Pressure Washure

I'm thinking about buying a small pressure Washer Sorting like a Black Decker PW1300 ( not necessarily that one) They run about $80 to $150, I'm looking for something to Clean the patio maybe yard furniture, nothing like power washing a house. Dose anyone have any experience with them? or suggestion ?
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Sacramento Dave wrote:

I have a 1500 psi electric from Home Depot that I use to clean my pool filters. It works fine and I have no complaint. Since the washer has a pressure switch instead of a bypass, I am also considering tossing the housing, changing the hose input to 1/2" NPT, hanging it on the garage wall and leaving it permanently hooked up. I'd put in a ball valve at the water connection just to keep the pressure switch from working. The only problem I forsee is getting a longer hose than the 20' one that comes with it. I tried a few others, but the hose adapter is some weird size.
I like the idea of having a small pressure washer instantly available for washing the car, etc., without the hassle of dragging out the hose and making the connections.
Any suggestions?
Nonnymus
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I didn't think about one for cleaning the pool filters.I have to swing buy Home Crapo and check one out.
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YES!
Go easy at first. It is easy to get up too close, and get too much of a high pressure spray on there. I still have marks on my concrete where the spray nozzle took off more than it should have, and left tracks.
Use the diffuser. That is, the thing that makes the spray come out in a flat plane instead of like a straight stream. Wet what you want to clean, and let it soak in. The second pass will knock stuff loose better that way.
Watch painted of sensitive surfaces. It will definitely leave marks on cars, and I consider them worthless for anything but the first soaking, a little washing, and the final rinse. They are far too rough to use to actually clean the car, and I have never used one that it didn't leave streaks. They are good on tires, the undercarriage, and wheel wells. Also, motors.
Just be careful until you get a grip on the power one of these things has or you will blow away paint, fittings, molding, caulking, and things you want to stay on rather than wash off.
All in all, a handy device, but like a saw, they will alter whatever you put in its path.
Steve
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Sacramento Dave wrote:

I bought one of the inexpensive electric ones from a big box store and I have been very happy with it. Sometimes I would like to have one with more power, and especially more volume, but I have been happy for several years and no problems with it. It has paid for itself already.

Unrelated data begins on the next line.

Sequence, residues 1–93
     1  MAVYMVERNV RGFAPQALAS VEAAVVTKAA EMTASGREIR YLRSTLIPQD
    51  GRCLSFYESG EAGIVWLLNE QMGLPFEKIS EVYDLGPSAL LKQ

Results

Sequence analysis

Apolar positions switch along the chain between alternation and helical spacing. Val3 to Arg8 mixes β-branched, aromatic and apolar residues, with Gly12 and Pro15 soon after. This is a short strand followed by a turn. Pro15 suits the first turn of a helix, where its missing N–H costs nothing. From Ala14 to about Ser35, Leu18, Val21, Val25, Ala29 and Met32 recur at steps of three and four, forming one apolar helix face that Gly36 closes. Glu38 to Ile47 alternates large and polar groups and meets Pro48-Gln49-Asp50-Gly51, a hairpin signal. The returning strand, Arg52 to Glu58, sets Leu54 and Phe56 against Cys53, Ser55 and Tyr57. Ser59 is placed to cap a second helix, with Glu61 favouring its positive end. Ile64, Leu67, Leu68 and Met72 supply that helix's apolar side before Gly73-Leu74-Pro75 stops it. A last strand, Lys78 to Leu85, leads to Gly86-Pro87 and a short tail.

--
Joseph Meehan

Dia duit
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Sacramento Dave wrote:

I just bought an "upscale" electric PW (Campbell Hausfeld: 1650 PSI x 1.6 GPM Universal Electric Pressure Washer w/Turbo Nozzle - PW168605AV to grab the description from the order confirmation) and have been really happy with it. Previously I've borrowed my neighbor's small gasoline-powered unit but eventually even I start to feel like a leech. The electric has more than enough power to clean the deck and porches and walks and patio furniture which routinely wind up with a nasty coat of mildew in my climate. I did these with the unit straight out of the box and found it worked as well as the little gasoline unit and was _way_ less trouble.
--
John McGaw
[Knoxville, TN, USA]
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Akshooly, eye do have a presshur washur. I got myne from Hoam Deepoe, and it haz serfed me wel. I choz thee won from Hoam Deepoe becaz hit had a metal hi presher casting, sum uf thee othur brands had plastik.
After abowt two yeers of use doing od jobs and cleening AC koyls, it stil werkz fine. I had one befour with a plastik hi presher casting, and the plastik one split open, wood not werk.
Meyn waz abowt $100 and werth effery pennie.
--

Christopher A. Young
You can\'t shout down a troll.
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Hate to be the fly in the ointment here, but I've been waiting a long time to vent to someone regarding the B&D PW1500 that I received as a gift a couple years ago.
It has unquestionably been, overall, the worst appliance I have ever owned/used, and I've been around awhile.
It has a "snap-on" handle that you use to wheel the washer around. Unfortunately, the handle slides off every time you go to use it, so, in my case, I just pick up the whole unit and lug it to wherever it needs to go.
It has a "snap-in" hose connector to attach the water supply to your power washer. Unfortunately, it leaks like a sieve and "snaps-out" every time you use it, unless you take great care not to breathe on it while you're using the washer. That can be problematic if you're doing anything less delicate than watering flowers.
The second year I owned it, one of the washer wands sprung a leak. You can't repair them, so I ordered a new one online from the B&D authorized parts depot. It was $35.00 plus shipping for one plastic wand for a pressure washer that cost less than $100.00 new and complete.
Another wand attachment has a rotating brush that turns with the water pressure (what's left of it, after the leaky hose connector). I believe it's designed to serve as a brush for washing your vehicles. I wouldn't know for sure, since it comes apart every time I hook it up. I was going to just go ahead and super-glue it together, but finally decided I didn't care anymore.
Had it been my own purchase and not been a gift, I would've kept the receipt and it would've been back to the store in less than a week.
It really, really sucks.

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